Yesterday Cadence announced a major update to their Allegro PCB design suite. This is the full-featured set of tools targeted at enterprise (= deep pockets) customers. They found that their offering had outgrown the “good/better/best” grading that had been in place for a long time.
What they’ve done instead is to put in place a baseline tool, Allegro PCB Designer, into which various optional modules can be inserted. These modules provide various higher-value functions, and the licenses can be purchased in quantities different from those purchased for the base product. For example, if you do lots of high-speed interface design but only occasional RF design, you can buy more floating licenses for the former and less for the latter. When actually used, the designer would check out a license (assuming one was still available) and release it when no longer needed.
Modules exist for:
- Team design
- High-speed design (providing more constraints, automation, and verification options)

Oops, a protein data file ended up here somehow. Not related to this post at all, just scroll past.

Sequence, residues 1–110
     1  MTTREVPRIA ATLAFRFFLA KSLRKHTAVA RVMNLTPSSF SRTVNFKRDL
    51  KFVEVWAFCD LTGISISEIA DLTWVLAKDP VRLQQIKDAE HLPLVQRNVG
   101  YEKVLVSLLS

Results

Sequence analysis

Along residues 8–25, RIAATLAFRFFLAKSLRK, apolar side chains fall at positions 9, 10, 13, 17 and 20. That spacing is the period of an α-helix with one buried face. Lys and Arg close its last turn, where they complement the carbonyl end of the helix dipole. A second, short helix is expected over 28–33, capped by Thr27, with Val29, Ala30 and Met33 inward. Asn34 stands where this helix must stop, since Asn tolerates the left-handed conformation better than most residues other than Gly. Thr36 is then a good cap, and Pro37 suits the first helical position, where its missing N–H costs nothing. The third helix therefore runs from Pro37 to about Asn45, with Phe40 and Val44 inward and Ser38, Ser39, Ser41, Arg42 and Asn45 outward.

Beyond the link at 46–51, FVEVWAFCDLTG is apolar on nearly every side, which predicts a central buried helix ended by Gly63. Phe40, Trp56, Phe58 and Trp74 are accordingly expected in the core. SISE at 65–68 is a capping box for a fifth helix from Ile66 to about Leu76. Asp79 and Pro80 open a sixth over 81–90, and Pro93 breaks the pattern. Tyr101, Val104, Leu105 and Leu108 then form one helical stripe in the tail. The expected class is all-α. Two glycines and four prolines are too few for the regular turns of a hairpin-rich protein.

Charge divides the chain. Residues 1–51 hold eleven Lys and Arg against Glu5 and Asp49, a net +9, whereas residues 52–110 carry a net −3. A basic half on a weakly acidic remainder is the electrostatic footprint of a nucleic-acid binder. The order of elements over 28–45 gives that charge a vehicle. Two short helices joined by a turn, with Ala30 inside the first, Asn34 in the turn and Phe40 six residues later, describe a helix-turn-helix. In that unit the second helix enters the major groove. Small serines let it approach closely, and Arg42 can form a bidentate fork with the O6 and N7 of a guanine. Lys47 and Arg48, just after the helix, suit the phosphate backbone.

- Miniaturization (HDI board technology, for example; I’ll have more on this at a later date)
- Design planning (feasibility checking of the “flow” plan, automation of a “topological” plan from the “flow” plan – more or less turning a general routing plan into specific routes, etc.)
- Enhanced automatic routing
They also updated OrCAD, their PCB design tool for the “mainstream.” In particular, they re-bundled their free “demo” product as a (still free) “Lite” product. Whereas before the demo product wouldn’t allow you to go to manufacturing, that’s been relaxed. So it consists of a “limited” version of the combined capabilities of their Standard and Professional versions plus some stand-alone PSpice tools. A very small design (up to 50 components) can be created and built using the free tool.
They’ve also added a signal integrity feature and brought the following features from Allegro into their OrCAD Professional version:
- Diff pair support
- Placement replication
- Constraint regions
More detail in their press release…